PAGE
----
The International Atomic Energy Agency (IAEA) Board of Governors’ meeting in November focused on technical cooperation and verification.
Opening the meeting, IAEA director general Mohamed ElBaradei drew the board’s attention to a report from the Technical Assistance and Cooperation Committee outlining the Technical Cooperation (TC) Programme for 2009-2011. He said it was “demand-driven and responds to the development priorities identified by member states, which have been closely involved in its formulation.” He added that it was a strong programme, and it was the responsibility of member states to see that it was implemented. As well as support for medical and agricultural projects, he noted that “more and more member states are considering launching nuclear power programmes and asking the agency for assistance.”
He added: “Our objective is to assist states which want to make use of nuclear power as part of their energy mix during the entire process, including through expert advice, equipment and training. This is intended to ensure that they have a solid infrastructure and make the best use of available technology, with high levels of safety, security and non-proliferation. We anticipate a four-fold increase in the number of TC projects in 2009-2011 focused on the introduction of nuclear power. Projects on uranium exploration and production are also increasing.”
Agency stands firm on Syria
On Syria, ElBaradei said that the agency had been provided with information alleging that an installation destroyed by Israel in Syria in September 2007 was a nuclear reactor. He noted that Syria had said the Dair Alzour site was military and was not involved in any nuclear activities. However, the USA insisted that intelligence reports indicated a nuclear site. ElBaradei said the IAEA had been severely hampered in its assessment by the unilateral use of force and by the late provision of information about the destroyed building, and that the results were so far inconclusive. The investigation would continue.
Controversy arose, however, when the USA, Canada and the European Union (EU) tried to block aid for a planned Syrian nuclear power plant, while Syria is under IAEA investigation. China, Russia and developing nations, which together comprise the majority on the board, rejected the move as “political interference” which would undermine the IAEA’s aid programme for civilian atomic energy development. This was a view shared by a number of IAEA officials.
In the event, the IAEA agreed to help the Syrians to develop expertise with a $350,000 aid project. Reluctant Western acceptance of this project came only after strong support from ElBaradei. The document finally approved noted that: “a number of states expressed strong reservations,” and it committed the IAEA to “monitor the project closely ... and ensure that any equipment provided is used only for the purposes intended.” ElBaradei had urged approval of the aid project, saying that there was no legal basis for curbing Syria’s IAEA membership rights based on unverified accusations.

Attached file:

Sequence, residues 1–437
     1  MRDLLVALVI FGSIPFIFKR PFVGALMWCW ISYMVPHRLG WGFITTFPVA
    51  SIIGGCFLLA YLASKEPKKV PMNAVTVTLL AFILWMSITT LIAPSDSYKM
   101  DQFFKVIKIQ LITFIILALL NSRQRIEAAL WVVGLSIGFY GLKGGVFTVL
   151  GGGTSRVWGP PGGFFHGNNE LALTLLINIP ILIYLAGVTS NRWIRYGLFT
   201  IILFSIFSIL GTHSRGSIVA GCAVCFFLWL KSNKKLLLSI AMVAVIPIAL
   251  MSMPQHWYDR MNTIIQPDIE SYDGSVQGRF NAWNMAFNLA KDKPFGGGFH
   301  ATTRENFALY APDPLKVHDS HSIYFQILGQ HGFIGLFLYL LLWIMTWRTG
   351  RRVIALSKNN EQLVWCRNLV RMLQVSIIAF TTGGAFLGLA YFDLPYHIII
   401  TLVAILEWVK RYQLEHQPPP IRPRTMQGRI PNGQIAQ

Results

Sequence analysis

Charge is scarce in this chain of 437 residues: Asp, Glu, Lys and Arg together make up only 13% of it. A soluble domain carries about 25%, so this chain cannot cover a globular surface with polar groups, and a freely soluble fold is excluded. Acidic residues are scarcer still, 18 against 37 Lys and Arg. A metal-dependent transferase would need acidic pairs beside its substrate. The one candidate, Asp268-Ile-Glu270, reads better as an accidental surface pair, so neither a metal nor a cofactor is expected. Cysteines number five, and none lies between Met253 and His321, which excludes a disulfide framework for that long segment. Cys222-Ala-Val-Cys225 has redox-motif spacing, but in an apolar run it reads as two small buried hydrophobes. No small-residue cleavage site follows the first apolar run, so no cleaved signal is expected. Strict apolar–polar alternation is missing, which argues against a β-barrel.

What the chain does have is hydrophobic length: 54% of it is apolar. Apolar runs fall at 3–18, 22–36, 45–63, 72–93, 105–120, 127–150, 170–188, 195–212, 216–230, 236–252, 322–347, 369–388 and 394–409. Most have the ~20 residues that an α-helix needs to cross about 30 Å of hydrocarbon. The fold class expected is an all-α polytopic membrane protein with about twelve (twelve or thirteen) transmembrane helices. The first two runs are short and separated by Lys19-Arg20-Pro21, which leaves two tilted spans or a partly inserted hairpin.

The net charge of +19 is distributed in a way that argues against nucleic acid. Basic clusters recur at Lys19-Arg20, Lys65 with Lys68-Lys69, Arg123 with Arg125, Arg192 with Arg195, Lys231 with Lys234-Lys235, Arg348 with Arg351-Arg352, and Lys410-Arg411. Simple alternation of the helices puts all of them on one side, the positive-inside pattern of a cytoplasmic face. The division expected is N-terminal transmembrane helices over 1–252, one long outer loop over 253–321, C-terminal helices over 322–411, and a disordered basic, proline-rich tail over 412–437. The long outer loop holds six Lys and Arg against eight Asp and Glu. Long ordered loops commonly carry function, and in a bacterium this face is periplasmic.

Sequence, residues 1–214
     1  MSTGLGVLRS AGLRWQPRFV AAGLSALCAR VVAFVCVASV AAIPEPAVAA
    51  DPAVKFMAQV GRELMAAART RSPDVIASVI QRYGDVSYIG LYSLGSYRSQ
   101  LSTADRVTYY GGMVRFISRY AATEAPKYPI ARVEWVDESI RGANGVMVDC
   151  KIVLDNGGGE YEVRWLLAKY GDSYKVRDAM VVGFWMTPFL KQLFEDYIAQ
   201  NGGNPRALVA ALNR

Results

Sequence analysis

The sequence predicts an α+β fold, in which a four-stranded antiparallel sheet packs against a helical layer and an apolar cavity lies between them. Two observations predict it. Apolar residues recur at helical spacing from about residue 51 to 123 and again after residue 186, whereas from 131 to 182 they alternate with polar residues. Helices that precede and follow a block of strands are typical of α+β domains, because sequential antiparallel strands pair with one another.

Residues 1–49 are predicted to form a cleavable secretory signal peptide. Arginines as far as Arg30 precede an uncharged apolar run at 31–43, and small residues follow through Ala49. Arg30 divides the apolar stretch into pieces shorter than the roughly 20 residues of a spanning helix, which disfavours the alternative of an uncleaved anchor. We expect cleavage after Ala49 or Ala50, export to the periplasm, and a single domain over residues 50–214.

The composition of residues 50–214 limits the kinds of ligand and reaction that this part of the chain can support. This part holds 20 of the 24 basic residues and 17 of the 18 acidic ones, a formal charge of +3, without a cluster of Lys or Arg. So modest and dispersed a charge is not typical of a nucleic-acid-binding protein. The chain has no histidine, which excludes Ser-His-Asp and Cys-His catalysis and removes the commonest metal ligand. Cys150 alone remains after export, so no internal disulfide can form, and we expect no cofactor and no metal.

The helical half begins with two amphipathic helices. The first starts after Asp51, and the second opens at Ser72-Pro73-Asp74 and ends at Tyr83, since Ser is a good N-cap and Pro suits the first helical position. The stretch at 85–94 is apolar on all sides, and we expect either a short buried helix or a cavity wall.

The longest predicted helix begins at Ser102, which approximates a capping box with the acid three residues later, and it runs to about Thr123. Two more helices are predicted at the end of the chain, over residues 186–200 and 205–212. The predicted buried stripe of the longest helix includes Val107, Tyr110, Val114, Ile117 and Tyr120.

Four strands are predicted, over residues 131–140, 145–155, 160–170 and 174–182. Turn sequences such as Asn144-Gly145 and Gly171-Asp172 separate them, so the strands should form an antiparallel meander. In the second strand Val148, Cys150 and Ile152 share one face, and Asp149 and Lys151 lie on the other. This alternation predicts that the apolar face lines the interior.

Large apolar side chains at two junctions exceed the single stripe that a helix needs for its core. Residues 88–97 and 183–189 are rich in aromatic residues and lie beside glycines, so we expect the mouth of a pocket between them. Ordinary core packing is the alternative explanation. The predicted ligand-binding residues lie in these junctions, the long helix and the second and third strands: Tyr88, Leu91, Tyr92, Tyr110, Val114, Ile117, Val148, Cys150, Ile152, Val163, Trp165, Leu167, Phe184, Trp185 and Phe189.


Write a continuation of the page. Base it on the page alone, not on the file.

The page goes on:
“There are claims against Syria, which we’re looking at. There were claims against Iraq, which were proven bonkers (mad), and after, the result was a terrible war,” he told the board.
No change on Iran
Introducing the report on Iran, ElBaradei said: “There remain a number of outstanding issues, relevant to the alleged studies and associated questions identified in my last report to the Board, which give rise to concerns and need to be clarified in order to exclude the existence of possible military dimensions to Iran’s nuclear programme. Regrettably, the agency has not been able to make substantive progress on these issues... I also still regret the fact that the agency has not been able to share with Iran documentation [related to the alleged studies] provided by member states. I call upon the member states concerned to authorise the agency to do so.”
The report said that Iran has continued to feed UF6 into the 3000-machine IR-1 unit (Unit A24), and five cascades of Unit A26, at the Fuel Enrichment Plant (FEP). Installation and testing of the 13 remaining cascades of Unit A26 is continuing. Preparatory installation work at Units A25, A27 and A28 continues. As of 7 November, the total amount of UF6 fed into the cascades since the beginning of operations in February 2007 was 9750kg, and Iran is estimated to have produced approximately 630kg of low enriched UF6. All nuclear material at FEP, as well as all installed cascades, “remain under agency containment and surveillance.”
In September, the agency conducted a physical inventory verification (PIV) at the Pilot Fuel Enrichment Plant (PFEP), the results of which are pending. Between 25 August and 28 October, Iran had fed approximately 31kg of UF6 into the 10-machine IR-2 cascade and the single IR-1, IR-2 and IR-3 centrifuges. All nuclear material at PFEP, as well as the cascade area also remains under agency containment. “To date, the results of the environmental samples taken at FEP and PFEP2, and the operating records for FEP3, indicate that the plants have been operating as declared” (less than 5.0% U-235 enrichment). Since March 2007, 20 unannounced inspections have been conducted at FEP.
On reprocessing, the agency has continued to monitor the use and construction of hot cells at the Tehran Research Reactor (TRR) and the molybdenum, iodine and xenon radioisotope production (MIX) facility through inspections and design information verification (DIV) and there are no indications of ongoing reprocessing related activities at those facilities.